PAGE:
Dube had volunteered for tests of a vaginal gel that researchers hope will be shown to protect against HIV. The tests are part of a study conducted by the New York-based Population Council, and funded by a $20-million grant from the Bill & Melinda Gates Foundation.

Dube's boyfriend won't use condoms. She hoped the tests would show she could use the microbicidal gel, called Carraguard, and stop worrying about AIDS.

Research into prophylactics such as Carraguard can fight AIDS by empowering women, Bill Gates told the International AIDS Conference in Toronto in August. "Whether the woman is a faithful married mother of small children, or a sex worker trying to scrape out a living in a slum ⦠" he said, "a woman should never need her partner's permission to save her own life."

Two days before Gates spoke, Kyrone Smith was born only a few kilometers from the Isipingo clinic. At the same time the Gates Foundation was trying to help Dube, it owned a stake in companies that appeared to be hurting Kyrone.

At six weeks, his lungs began to fail. Kyrone struggled to cry, but he was so weak that no sound came out â" just husky, labored breaths.

His mother, Renee Smith, 26, rushed him to a hospital, where he was given oxygen. She feared it would be the first of many hospital visits. Smith knew from experience.

"My son Teiago was in and out of hospital since the age of 3," she said. "He couldn't breathe nicelyâ¦. There are so many children in this area who have the same problems."

Two of the area's worst industrial polluters â" a Mondi paper mill and a giant Sapref oil refinery â" squat among the homes near Isipingo like sleepy grey dragons, exhaling chemical vapors day and night.

The Sapref plant, which has had two dozen significant spills, flares, pipeline ruptures and explosions since 1998, and the Mondi plant together pump thousands of tons of putrid-smelling chemicals into the air annually, according to their own monitoring.

In 2002, a study found that more than half of the children at a school in nearby Merebank suffered asthma â" one of the highest rates in scientific literature. A second study, published last year, found serious respiratory problems throughout the region: More than half of children aged 2 to 5 had asthma, largely attributed to sulfur dioxide and other industrial pollutants. Much of it was produced by companies in which the Gates Foundation was invested.

Asthma was not the only danger. Isipingo is in what environmental activists call "Cancer Valley." Emissions of benzene, dioxins and other carcinogens were "among the highest levels found in any comparable location the world," said Stuart Batterman at the University of Michigan, a coauthor of both studies.

The Gates Foundation is a major shareholder in the companies that own both of the polluting plants. As of September, the foundation held $295 million worth of stock in BP, a co-owner of Sapref. As of 2005, it held $35 million worth of stock in Royal Dutch Shell, Sapref's other owner. The foundation also held a $39-million investment in Anglo American, which owns the Mondi paper mill.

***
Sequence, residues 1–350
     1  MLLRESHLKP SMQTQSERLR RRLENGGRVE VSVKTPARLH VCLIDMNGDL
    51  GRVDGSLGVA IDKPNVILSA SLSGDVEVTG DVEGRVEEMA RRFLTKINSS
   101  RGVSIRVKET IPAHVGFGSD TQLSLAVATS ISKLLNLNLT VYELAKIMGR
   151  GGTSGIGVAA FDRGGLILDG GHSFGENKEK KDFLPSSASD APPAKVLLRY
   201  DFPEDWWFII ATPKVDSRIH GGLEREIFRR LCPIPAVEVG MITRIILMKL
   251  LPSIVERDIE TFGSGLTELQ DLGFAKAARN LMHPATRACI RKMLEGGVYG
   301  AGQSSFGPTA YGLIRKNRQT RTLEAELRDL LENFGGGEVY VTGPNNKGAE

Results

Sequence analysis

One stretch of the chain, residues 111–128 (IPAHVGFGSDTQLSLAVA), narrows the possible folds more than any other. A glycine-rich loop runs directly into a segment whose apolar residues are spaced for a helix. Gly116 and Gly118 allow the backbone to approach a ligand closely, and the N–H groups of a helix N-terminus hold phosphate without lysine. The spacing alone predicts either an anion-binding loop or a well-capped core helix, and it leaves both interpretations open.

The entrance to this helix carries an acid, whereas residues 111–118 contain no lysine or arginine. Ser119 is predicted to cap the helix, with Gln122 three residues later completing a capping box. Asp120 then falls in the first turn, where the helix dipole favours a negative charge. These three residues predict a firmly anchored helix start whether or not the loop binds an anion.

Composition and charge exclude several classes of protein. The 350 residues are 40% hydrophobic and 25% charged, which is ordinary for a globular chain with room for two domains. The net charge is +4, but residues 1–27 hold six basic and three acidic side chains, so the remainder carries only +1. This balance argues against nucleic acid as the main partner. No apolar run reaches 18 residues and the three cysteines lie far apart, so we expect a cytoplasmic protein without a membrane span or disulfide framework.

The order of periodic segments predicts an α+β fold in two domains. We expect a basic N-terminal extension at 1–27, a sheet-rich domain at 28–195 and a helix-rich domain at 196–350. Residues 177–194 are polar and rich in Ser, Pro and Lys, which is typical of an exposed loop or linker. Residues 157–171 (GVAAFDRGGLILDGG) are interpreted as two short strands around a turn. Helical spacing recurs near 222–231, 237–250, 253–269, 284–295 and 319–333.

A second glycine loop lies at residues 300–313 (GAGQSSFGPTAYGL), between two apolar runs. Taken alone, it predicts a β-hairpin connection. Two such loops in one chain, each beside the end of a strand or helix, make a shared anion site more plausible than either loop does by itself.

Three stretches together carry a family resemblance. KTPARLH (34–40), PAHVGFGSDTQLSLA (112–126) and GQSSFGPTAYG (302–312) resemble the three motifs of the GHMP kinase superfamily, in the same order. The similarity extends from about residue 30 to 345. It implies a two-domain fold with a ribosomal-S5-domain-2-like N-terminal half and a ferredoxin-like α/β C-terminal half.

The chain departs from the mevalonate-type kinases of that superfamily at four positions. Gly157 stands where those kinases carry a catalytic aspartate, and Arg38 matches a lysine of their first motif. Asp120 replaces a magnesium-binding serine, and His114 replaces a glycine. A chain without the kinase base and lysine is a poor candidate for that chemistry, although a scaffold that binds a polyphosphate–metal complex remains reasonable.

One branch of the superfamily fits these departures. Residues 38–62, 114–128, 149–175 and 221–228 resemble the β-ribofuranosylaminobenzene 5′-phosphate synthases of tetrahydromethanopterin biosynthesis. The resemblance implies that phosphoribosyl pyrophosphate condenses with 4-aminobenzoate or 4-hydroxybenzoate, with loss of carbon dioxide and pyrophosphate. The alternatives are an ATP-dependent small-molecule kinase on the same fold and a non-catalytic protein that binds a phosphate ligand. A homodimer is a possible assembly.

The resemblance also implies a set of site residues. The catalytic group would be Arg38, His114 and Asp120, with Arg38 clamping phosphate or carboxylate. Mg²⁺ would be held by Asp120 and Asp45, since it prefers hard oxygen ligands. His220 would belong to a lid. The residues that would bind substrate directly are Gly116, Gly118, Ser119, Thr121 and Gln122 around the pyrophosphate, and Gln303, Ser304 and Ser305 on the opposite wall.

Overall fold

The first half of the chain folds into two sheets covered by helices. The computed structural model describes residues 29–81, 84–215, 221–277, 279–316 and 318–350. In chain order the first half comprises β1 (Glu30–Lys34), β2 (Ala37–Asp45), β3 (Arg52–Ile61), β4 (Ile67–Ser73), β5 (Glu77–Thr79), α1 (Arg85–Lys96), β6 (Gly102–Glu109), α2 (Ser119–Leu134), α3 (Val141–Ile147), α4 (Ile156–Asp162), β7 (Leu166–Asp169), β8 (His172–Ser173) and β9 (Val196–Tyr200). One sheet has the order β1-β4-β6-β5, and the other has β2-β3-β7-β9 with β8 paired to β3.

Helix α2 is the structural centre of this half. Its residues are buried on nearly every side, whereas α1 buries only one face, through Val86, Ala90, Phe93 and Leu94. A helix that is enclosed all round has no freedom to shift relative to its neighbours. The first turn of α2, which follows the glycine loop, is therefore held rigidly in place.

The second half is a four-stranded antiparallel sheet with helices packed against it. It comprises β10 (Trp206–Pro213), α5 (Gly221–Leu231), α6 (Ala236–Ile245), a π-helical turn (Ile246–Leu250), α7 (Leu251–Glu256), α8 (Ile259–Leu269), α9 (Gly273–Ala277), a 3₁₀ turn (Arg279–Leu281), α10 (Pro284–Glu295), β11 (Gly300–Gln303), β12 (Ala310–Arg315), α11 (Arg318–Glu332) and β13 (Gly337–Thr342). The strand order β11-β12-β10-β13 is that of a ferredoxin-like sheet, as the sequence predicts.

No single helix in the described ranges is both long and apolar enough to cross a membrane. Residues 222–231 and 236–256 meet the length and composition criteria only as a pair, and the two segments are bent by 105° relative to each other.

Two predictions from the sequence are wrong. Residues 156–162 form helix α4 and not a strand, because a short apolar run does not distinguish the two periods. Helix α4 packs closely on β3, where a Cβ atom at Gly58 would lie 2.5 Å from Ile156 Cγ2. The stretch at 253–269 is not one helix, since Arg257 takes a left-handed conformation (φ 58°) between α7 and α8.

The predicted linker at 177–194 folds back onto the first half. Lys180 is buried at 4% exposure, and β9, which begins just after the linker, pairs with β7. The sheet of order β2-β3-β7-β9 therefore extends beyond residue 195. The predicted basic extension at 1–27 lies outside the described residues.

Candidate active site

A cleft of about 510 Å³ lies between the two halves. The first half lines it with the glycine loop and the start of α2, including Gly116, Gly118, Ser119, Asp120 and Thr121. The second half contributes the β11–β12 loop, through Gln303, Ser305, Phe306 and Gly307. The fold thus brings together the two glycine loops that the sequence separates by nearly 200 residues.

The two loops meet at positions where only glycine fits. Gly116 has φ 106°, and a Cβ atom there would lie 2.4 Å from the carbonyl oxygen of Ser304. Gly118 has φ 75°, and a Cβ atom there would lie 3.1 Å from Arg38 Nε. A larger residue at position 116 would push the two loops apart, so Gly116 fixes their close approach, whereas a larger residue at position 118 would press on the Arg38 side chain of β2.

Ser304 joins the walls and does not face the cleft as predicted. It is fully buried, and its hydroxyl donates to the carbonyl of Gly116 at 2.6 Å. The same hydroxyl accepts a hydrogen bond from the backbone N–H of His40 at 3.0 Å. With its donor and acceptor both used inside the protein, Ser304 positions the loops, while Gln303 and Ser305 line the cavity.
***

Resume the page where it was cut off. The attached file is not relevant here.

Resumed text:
The foundation has held large investments in all three companies since at least 2002. Since then, the worth of BP shares has shot up by about 83%, Royal Dutch Shell shares by 77% and Anglo American shares about 255%. Dividends have padded the foundation's assets by additional millions of dollars.

The foundation has gotten much more in financial gains from its investments in the polluters than it has given to the Durban microbicide study to fight AIDS.

Sapref said it had cut sulfur dioxide emissions by two-thirds since 1997 and spent more than $64 million over 11 years on environmental initiatives. It said lead in its gasoline and sulfur in its diesel fuel were reduced a year ago. Plant officials said: "Sapref does not accept any responsibility for any health issues in South Durban."

Mondi said that its Merebank paper mill had cut "chemical oxygen demand," a key pollutant, in 2005, and that it was cutting its sulfur dioxide emissions. But by the company's own estimate, the mill still releases about three times the combined amount of sulfur dioxide produced by Mondi plants in five other nations, and the other plants operate at nearly six times the capacity. Merebank uses a coal-fired power plant, while the others burn cleaner fuel.

Just as the Gates Foundation investments in Mondi, BP and Royal Dutch Shell have been very profitable, so too have its holdings in the top 100 polluters in the United States, as rated by the University of Massachusetts, and the top 50 polluters in Canada, as rated by the trade publication Corporate Knights, using methods based on those developed by the university.

According to the foundation's 2005 figures, it held a $1.4-billion stake in 69 of those firms. They included blue chips, such as Chevron Corp. and Ford Motor Co., as well as lesser-known companies such as Lyondell Chemical Co. and Ameren Corp.